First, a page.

&uot;basic ideals that are not held captive by time, race, gender or place.&uot;

Other books Taulbert has written are his childhood memoirs &uot;Little Cliff and the Porch People,&uot; &uot;Little Cliff and the Cold Place,&uot; &uot;Little Cliff’s First Day of School&uot; and &uot;The Journey Home: A Father’s Gift to His Son.&uot; A new book is &uot;Separate But Equal: The Mississippi Photographs of Henry Clay Anderson.&uot;

Taulbert has been honored from Europe to Asia to the Mississippi Delta as a great writer, humanitarian and civic leader. Born in the Mississippi Delta town of Glen Allen, he served in the U.S. Air Force, earned a degree at Oral Roberts University and is a graduate of the Southwest Graduate School of Banking at Southern Methodist University.

He worked with Lanny Potts, the inventor of the Stairmaster Exercise System, to develop the U.S.-wide government market for this revolutionary machine.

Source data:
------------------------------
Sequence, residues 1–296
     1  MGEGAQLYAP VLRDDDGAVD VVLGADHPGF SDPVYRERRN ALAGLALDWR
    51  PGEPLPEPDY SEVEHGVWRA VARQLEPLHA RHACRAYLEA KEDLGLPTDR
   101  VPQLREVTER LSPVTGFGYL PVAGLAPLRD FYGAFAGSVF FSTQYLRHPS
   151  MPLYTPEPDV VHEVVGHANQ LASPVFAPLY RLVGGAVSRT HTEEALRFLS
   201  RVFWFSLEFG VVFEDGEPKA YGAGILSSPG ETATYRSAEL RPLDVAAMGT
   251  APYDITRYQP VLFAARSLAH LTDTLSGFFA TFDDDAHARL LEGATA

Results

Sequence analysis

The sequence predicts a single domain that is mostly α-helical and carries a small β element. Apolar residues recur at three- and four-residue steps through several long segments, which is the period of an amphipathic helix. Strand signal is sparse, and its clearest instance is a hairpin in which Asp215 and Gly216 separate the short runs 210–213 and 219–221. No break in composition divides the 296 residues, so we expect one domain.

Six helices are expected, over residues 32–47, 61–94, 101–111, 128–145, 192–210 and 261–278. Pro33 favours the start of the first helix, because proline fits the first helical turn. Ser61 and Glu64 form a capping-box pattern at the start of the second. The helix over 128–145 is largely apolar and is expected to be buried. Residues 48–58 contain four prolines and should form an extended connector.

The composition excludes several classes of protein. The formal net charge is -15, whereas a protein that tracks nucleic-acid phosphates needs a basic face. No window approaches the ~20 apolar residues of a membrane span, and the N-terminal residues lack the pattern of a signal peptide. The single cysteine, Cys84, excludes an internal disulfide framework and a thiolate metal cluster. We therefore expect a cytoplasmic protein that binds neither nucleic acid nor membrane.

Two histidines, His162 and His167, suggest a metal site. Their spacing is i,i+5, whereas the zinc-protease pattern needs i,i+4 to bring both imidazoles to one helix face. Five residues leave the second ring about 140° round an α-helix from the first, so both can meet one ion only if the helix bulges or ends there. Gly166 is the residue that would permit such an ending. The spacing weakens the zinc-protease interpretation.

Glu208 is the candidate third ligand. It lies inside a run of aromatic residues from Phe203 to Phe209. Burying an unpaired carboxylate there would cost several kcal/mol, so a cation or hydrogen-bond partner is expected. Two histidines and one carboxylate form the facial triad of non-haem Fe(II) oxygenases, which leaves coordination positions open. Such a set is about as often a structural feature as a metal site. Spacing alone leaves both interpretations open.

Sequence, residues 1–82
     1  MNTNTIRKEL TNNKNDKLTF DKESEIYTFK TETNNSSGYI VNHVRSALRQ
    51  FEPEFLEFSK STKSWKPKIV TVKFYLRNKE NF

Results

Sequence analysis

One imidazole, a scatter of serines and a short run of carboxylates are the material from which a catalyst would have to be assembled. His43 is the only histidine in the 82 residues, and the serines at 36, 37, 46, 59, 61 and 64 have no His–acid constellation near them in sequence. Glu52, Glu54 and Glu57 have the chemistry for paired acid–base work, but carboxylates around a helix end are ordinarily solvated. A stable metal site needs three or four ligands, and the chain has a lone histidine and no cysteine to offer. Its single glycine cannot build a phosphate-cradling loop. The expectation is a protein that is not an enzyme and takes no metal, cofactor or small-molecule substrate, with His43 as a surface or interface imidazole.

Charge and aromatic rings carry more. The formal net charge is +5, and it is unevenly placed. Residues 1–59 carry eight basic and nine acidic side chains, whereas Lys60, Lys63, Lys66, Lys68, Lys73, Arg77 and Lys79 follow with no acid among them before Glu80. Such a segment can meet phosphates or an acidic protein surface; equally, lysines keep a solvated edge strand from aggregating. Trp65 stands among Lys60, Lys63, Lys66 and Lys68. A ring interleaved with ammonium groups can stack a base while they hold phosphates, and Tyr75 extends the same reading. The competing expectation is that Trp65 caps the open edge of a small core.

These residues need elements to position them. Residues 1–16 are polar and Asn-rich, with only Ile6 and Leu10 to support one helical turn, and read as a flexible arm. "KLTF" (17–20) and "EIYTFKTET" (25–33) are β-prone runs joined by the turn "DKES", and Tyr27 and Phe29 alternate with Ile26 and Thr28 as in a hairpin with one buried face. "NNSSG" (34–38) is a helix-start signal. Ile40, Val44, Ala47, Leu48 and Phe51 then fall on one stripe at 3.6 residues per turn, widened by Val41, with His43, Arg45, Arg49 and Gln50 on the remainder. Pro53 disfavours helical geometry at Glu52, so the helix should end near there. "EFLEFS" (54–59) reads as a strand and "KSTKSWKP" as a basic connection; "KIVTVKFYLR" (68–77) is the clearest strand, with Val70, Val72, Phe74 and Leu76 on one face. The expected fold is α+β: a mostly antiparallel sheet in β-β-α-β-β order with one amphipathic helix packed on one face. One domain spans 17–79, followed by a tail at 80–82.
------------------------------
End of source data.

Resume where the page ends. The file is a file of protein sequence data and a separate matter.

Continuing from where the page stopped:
T.R. Hummer, currently professor and editor of The Georgia Review at the University of Georgia, Athens, is a native of Macon and author of seven books of poetry.

Hummer earned both bachelor’s degree and master’s degree at the University of Southern Mississippi’s Center for Writers and a Ph.D. degree from the University of Utah. He has taught at the University of Southern Mississippi, University of Utah, Kenyon College, Middlebury College, University of Oregon and Virginia Commonwealth University.

He has been editor of Quarterly West, The Cimarron Review, The Kenyon Review and New England Review and was Senior Poet at Virginia Commonwealth University.

His books include &uot;Translation of Light,&uot; &uot;The Angelic Orders,&uot; &uot;The Passion of the Right-angled Man,&uot; &uot;Lower-Class Heresy,&uot; &uot;The 18,000-Ton Olympic Dream,&uot; &uot;Walt Whitman in Hell,&uot; and, in 2001, &uot;Useless Virtues.&uot; His poems have appeared in many journals, including The Paris Review and The Atlantic.

Hummer has won a Guggenheim Fellowship for poetry, the Pushcart Prize, a National Endowment for the Arts Fellowship for poetry and the Hanes Poetry Prize from Fellowship of Southern Writers.

All three award winners will be honored at an autograph session following the ceremony. In addition, Thornton will help lead a discussion of &uot;Sling Blade,&uot; following the showing of the film after the awards ceremony.